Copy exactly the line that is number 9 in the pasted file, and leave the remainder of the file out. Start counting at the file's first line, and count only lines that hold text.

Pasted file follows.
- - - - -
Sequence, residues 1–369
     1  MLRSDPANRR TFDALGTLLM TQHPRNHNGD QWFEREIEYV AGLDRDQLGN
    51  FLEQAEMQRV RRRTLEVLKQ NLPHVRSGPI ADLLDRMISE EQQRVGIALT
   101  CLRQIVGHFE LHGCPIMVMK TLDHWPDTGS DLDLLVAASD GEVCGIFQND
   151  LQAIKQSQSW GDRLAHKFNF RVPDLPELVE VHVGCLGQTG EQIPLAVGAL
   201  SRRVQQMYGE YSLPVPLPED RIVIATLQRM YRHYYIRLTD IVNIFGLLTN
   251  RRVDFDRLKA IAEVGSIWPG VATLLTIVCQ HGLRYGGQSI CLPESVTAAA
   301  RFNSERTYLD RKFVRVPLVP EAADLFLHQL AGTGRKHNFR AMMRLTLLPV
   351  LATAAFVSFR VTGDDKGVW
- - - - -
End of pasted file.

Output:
   351  LATAAFVSFR VTGDDKGVW